Our brains want desperately to make sense of things. We like being able to point to causes for the things that happen. At the very least, we have someone or something to blame. That there are actual causes for so many events makes it all the more appealing. We just aren't always accurate in where we place blame. In fact, our minds fool us often enough that there is a specific term for drawing conclusions based more on assumption than actual data: false cause.
If I have a fight with my wife and wake up one morning to find my pet iguana dead, I could conclude that she killed my helpless lizard friend. It certainly makes sense. She was angry, so she committed an act of vengeance. It's what people do. I've seen movies and read books about it. But if I realize that the temperature dropped below freezing the previous night, I might conclude that he froze to death. If I care enough, I could start looking for evidence to support either cause and effect relationship.
When I remember that the power went out for awhile during that cold night, I could conclude that his electric heat rock wasn't doing its job. And in the absence of physical wounds on his fragile reptile body, I may owe my wife an apology for thinking she could sink so low. But my green, scaly confidant could just as easily have been sick. When it comes down to it, what do I really know about iguanas? Maybe I had been so busy that I never even noticed his declining energy and the glassy look in his eyes for the past week. He could have died of loneliness for all I know.
But not being able to draw a line back to a cause drives me crazy. I want his death to make sense. I want to know that I had some power to do something differently and get a different result. When it comes down to it, I want life to make sense. Every little bit of it. Knowing why (or at least believing that I know) somehow makes the things I don't like easier to accept and it makes the things I do like appear to be more than just happenstance. If I like what happened, I can attribute it to something that I did, or I can attribute it to a higher power. If I don't like what happened, I can look for someone to blame. That can be a higher power, too. Who ultimately killed my poor iguana, after all?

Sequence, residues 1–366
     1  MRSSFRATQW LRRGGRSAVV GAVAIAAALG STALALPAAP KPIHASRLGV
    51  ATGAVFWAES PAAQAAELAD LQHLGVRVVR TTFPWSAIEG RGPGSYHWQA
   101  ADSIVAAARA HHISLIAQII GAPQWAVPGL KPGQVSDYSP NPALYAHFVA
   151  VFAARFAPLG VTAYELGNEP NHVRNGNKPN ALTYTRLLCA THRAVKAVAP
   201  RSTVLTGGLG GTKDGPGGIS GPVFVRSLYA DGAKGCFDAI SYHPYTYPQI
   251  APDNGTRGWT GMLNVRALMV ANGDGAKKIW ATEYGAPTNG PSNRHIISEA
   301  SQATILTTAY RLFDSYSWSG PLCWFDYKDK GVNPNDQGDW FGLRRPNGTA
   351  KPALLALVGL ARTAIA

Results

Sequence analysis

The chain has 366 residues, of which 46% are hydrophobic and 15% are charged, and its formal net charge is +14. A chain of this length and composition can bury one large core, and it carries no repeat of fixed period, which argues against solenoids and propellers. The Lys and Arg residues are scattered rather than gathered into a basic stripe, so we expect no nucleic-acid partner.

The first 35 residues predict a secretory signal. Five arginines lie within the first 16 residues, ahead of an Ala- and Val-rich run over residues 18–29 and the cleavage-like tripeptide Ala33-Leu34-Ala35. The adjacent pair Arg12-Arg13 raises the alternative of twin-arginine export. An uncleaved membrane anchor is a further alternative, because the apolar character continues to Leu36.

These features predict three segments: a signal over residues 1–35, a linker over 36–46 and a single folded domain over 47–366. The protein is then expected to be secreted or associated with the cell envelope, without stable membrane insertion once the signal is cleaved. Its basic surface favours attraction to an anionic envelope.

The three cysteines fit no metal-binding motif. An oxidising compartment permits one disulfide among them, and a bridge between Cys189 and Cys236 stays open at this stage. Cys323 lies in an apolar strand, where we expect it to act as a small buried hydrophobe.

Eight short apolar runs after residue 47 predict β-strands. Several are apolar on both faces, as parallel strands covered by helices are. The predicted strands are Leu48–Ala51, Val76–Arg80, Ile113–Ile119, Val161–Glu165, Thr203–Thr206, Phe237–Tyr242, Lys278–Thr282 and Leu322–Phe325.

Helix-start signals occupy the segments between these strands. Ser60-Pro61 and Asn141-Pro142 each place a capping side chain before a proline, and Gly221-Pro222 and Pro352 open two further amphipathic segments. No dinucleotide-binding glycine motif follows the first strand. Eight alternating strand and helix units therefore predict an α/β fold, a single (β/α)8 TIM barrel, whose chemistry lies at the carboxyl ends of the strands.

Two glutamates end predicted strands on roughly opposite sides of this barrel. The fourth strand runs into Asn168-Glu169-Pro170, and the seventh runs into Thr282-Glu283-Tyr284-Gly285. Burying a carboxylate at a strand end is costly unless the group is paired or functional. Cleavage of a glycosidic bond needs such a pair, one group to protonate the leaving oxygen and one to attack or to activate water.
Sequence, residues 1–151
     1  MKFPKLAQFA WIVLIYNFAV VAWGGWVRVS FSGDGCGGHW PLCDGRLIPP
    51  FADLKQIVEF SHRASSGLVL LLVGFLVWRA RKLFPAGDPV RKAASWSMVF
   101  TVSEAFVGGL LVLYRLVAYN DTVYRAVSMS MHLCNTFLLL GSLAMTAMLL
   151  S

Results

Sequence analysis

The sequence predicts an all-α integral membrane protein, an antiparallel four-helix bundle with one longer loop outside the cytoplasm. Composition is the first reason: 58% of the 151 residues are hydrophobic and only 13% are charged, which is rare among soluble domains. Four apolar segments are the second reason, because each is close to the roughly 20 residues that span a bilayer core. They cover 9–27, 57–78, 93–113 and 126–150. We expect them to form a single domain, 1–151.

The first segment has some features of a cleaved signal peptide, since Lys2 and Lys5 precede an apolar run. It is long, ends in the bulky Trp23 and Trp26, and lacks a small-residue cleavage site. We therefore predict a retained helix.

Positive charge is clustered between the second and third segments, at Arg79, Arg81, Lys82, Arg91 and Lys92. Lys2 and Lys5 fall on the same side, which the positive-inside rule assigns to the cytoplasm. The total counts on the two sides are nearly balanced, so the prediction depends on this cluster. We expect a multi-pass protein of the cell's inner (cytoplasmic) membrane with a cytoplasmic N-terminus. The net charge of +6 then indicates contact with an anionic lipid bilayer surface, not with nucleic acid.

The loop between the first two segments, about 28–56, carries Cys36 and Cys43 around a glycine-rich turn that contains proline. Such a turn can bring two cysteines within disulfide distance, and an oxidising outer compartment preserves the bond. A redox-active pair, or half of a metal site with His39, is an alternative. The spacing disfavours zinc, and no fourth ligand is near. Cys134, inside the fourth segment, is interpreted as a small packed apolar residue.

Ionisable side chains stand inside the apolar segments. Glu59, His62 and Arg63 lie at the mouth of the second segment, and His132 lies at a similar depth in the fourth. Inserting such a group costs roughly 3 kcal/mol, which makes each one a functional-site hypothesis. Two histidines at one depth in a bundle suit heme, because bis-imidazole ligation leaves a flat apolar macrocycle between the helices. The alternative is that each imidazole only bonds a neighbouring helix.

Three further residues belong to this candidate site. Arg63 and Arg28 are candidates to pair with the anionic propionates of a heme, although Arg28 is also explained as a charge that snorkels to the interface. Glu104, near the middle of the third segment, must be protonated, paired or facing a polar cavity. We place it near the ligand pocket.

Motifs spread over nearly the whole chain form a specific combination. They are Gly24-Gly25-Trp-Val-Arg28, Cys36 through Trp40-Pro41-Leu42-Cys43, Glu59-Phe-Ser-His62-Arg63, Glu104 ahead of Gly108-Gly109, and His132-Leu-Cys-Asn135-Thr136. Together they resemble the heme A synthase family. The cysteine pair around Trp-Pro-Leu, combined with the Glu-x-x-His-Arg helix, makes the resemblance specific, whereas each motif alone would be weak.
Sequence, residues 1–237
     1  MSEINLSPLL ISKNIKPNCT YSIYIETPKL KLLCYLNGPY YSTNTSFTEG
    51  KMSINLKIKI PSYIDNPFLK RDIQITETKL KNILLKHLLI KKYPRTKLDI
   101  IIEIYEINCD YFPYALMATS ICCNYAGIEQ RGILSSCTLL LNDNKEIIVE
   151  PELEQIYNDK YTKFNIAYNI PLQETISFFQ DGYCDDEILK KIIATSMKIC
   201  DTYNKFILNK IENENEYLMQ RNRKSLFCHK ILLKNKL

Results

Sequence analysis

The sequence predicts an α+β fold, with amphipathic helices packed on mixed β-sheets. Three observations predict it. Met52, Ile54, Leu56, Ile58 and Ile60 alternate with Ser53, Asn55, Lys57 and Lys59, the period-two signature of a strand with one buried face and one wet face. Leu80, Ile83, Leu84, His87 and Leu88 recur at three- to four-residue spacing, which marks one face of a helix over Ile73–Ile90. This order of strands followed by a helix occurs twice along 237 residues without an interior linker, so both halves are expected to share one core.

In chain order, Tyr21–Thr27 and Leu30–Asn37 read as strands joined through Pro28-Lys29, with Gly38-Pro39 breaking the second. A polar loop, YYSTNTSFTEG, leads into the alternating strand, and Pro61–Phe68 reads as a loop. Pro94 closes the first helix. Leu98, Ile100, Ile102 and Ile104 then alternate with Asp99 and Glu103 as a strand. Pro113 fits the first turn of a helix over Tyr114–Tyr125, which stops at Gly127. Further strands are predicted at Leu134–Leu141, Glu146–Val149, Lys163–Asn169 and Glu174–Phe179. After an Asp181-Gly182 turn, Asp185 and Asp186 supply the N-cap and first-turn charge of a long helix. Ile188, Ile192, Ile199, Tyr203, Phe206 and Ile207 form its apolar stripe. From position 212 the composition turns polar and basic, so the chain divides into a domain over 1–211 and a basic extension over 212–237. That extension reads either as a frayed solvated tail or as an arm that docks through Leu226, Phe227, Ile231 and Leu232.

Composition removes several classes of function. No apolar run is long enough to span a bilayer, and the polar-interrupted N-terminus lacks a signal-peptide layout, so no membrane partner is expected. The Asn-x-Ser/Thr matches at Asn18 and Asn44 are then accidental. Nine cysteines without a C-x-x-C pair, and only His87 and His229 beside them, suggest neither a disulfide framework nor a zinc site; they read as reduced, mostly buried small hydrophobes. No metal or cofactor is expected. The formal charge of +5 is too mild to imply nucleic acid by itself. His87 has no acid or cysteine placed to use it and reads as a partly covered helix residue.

Uncovering this trick that our minds play on us is one of the building blocks of the tools taught in the More To Life program. Our minds draw shortcuts that make the most sense so that we can get on with the important business of our day without trying to figure out the why behind every event. But when those assumptions are wrong, we can mistakenly try to correct pieces of the puzzle that actually fit just fine. Or we can continue down a path that isn't really headed where we want to go. Which is why I value feedback from other insightful people who might see things I miss, and it's why I choose to open my mouth and express the things I notice.
We can't know the causes for every event. When we are committed to staying conscious, though, we can develop the partnerships and practices that will keep up us on track for what we want to create. And we can begin to recognize the difference between the things we actually know and the assumptions our mind tricks us into believing.
For the record, no iguanas were harmed in the writing of this post.